There are creative ways for the big studios to stay afloat, but it means embracing lower upfront fees in favor of even more free-to-play GAAS functionality. Perhaps FIFA charges $20 or $30 for a boxed copy that amounts to little more than graphical and roster updates with Ultimate Team at its center. Additional single player modes cost extra, and the package is chock full of cosmetics and other micro-transactions to generate more money.
I also predict many indie titles will run away from a la carte shops like PSN and the Nintendo eShop in favor of a more reliable payout as part of a subscription service like Game Pass. We already see hints of this in the iOS App Store and the new Apple Arcade service; Apple saw over saturation and crummy business models, so they subsidized a curated set of titles in the form of Arcade that help buttress recurring services revenue. I assume Microsoft today sees similar value for Game Pass, happy to pick up a sizable number of smaller indie titles in exchange for loyal long term customers to the Xbox ecosystem. It’s only a matter of time before Sony starts up their own subscription service to take Game Pass head on.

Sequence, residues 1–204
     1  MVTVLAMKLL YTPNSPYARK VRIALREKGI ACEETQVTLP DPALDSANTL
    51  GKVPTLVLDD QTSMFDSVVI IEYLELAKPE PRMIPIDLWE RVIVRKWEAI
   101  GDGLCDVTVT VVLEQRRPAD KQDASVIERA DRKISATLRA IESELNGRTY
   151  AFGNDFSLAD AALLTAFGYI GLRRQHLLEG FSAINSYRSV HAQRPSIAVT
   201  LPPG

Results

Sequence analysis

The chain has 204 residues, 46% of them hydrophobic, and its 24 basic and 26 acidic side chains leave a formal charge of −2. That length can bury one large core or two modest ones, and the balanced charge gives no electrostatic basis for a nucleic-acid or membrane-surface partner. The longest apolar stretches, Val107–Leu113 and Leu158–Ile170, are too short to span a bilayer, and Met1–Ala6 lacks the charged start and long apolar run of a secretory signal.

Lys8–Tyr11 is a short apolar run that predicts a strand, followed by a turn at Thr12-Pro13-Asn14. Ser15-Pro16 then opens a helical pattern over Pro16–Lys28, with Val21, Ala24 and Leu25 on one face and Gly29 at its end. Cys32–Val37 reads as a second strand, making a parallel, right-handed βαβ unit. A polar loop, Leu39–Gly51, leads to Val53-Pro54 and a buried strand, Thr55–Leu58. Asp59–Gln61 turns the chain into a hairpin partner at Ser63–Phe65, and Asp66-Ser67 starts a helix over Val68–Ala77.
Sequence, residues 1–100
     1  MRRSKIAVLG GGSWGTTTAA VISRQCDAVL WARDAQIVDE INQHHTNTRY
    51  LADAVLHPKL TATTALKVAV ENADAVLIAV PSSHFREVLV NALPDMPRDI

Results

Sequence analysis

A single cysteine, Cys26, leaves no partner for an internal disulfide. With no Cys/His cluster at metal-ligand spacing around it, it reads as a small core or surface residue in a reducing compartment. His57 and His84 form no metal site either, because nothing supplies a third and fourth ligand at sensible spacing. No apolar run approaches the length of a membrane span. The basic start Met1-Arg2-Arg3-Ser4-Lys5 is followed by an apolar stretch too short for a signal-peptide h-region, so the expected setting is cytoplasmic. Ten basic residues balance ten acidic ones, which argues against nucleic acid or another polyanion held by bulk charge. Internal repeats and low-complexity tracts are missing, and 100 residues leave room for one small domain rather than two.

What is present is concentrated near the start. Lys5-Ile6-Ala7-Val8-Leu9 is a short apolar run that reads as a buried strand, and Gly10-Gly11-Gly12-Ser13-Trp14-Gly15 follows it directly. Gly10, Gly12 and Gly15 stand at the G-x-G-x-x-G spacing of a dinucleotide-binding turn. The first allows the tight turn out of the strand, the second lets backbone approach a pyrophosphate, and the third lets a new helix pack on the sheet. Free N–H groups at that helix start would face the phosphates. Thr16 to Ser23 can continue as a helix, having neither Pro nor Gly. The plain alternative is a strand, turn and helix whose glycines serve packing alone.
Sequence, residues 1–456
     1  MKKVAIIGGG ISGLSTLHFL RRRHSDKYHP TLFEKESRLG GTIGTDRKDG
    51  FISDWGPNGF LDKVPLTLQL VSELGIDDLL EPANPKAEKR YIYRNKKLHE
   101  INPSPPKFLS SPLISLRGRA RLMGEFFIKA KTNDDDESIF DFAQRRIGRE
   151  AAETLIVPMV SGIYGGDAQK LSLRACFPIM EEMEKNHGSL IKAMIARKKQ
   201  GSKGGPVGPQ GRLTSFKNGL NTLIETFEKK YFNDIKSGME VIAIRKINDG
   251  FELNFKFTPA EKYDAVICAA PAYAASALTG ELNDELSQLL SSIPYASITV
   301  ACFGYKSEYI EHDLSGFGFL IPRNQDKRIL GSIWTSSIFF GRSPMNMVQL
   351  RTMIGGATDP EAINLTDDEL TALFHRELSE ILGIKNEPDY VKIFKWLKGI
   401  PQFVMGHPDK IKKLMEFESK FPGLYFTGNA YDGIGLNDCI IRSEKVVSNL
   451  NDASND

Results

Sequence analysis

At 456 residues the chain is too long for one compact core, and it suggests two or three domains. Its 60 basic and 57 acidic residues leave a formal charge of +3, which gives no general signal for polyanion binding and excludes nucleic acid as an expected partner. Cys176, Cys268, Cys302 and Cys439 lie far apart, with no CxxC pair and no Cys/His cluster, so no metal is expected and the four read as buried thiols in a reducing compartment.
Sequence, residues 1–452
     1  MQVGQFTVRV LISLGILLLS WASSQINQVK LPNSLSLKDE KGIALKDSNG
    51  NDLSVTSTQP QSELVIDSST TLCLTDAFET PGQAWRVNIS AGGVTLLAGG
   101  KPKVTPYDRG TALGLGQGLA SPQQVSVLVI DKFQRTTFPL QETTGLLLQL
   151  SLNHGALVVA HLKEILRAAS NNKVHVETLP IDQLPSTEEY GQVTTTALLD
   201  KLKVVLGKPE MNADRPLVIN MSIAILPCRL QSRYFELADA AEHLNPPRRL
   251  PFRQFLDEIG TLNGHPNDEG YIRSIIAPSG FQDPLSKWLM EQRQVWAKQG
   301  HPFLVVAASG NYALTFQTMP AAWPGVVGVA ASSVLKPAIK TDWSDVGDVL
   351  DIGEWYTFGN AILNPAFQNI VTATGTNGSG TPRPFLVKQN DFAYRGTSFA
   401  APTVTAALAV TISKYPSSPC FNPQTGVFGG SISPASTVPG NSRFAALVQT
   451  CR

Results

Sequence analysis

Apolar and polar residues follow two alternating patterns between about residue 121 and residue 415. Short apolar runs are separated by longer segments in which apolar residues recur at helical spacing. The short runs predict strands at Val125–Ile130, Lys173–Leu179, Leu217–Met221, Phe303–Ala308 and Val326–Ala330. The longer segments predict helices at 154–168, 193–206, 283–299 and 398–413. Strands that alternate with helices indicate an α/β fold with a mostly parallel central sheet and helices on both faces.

There are additional economic forces that should accelerate the rush to a new, free-to-play inspired AAA model and rise of subscription services. Each could be its own essay, but I’ll briefly touch on them here. First, next-generation hardware will inevitably inflate game budgets, making studios even more risk adverse to a potential bomb. There are also signs of a potential 2020 or 2021 recession, making the traditional $60 upfront model especially unappealing compared to free-to-play and subscriptions. Add to that an explosion of more digital “distractions” that will siphon attention away from consoles, from streaming movies to social media.
Big changes are coming; it’s not a matter of if, but when. I suspect by late 2021, the console gaming market will be unrecognizable to what it is today.